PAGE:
Bankruptcy is designed to be the opposite of permanent for an individual or a business. Some types of bankruptcy filings allow people and entities to retain many of their remaining assets, while others force a liquidation of all but essential remaining property. When it comes to businesses, the choice is up to them and their creditors.
Bankruptcy is a hard prospect for any person or business to consider. It's not easy to look at the process as a way to start over because it often feels like failure. But a new start is exactly what the process is supposed to be, especially when businesses want to stay on track as they face their debts.
While you may know that there are clear distinctions between Chapter 7 and Chapter 13 bankruptcies, you may be more unclear with Chapter 11. As most Connecticut residents know, Chapter 11 bankruptcy primarily benefits business owners and corporations, although a small number of individuals can also take advantage of this option. Before you commit to a plan, you should clearly understand how these bankruptcy types differ.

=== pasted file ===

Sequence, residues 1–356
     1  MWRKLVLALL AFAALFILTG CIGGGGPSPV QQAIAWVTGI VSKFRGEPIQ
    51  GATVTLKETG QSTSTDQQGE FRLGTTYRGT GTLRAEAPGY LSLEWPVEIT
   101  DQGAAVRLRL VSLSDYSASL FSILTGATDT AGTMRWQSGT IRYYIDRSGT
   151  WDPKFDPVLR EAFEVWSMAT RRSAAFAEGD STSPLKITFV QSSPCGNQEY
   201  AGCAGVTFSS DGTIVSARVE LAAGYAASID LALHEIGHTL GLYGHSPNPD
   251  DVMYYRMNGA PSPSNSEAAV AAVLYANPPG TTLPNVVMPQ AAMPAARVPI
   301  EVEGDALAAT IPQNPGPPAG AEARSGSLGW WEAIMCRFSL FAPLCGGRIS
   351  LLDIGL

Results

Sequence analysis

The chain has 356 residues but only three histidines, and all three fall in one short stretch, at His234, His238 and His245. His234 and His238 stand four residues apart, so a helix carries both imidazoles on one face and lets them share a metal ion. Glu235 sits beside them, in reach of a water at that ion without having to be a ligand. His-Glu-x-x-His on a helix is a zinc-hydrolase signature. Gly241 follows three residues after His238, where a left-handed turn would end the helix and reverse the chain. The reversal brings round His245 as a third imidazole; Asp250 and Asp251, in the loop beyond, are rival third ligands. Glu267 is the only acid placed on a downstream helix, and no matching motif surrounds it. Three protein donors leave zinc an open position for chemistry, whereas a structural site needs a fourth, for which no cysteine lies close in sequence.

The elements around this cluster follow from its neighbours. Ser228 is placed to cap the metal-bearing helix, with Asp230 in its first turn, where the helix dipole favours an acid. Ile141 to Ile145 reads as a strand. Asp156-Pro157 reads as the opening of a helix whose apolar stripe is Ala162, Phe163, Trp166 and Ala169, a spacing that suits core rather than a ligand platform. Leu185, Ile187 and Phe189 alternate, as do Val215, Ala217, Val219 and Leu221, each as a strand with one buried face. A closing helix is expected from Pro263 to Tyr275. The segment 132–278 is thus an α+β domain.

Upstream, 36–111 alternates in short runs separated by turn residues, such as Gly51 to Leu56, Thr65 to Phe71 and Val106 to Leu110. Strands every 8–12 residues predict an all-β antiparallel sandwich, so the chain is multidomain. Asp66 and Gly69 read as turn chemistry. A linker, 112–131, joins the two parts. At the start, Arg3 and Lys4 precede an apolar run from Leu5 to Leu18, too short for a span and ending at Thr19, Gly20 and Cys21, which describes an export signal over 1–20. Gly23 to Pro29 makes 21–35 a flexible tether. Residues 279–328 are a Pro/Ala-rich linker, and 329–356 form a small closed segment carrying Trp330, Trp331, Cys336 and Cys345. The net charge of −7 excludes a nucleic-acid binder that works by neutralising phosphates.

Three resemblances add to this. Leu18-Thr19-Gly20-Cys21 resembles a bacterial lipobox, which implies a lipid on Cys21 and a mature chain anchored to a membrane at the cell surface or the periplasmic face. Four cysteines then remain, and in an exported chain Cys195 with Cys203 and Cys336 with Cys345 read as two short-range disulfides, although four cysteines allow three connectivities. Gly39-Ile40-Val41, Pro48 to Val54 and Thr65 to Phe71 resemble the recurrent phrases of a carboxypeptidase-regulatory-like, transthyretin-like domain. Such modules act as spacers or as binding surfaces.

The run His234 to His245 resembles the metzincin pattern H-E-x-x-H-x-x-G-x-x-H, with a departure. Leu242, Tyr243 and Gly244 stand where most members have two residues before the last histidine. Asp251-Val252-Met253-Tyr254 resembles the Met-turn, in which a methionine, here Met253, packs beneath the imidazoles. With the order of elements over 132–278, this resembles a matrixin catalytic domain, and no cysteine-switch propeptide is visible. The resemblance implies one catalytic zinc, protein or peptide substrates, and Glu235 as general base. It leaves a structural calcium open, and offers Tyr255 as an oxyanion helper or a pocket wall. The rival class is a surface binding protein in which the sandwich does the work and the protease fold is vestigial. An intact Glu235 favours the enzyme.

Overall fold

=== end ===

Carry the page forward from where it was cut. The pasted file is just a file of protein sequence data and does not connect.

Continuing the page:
The modern age of internet shopping and big box stores hasn’t been good for many companies, even stores that have been successful for decades. Competition can be good when it keeps prices down for consumers, but too much of it can make it hard for some stores to compete. Consequently, some have no choice but to file for Chapter 11 bankruptcy or close their doors. Many residents of Connecticut and elsewhere may consider the closing of numerous iconic stores the end of an era.
You have experienced financial difficulties for several months, but you tried unsuccessfully to get your head above water and conquer your insurmountable debt. You realize that the time has come to consider filing for bankruptcy. A bankruptcy discharge could solve many of your problems, you realize, but you also worry that you might not qualify for Chapter 7 because you have a steady income and may not pass the means test. You and other Connecticut residents may benefit by learning how a Chapter 11 bankruptcy could be the better option.
At the Law Offices of Charles A. Maglieri in Connecticut, we know that creating and running your own business is your “American Dream.” Sadly, however, statistics show that most business start-ups fail. If yours faces overwhelming debt, you undoubtedly have numerous questions about what a small business Chapter 11 bankruptcy entails and what happens to the debts your business accumulated. Are you held liable for them?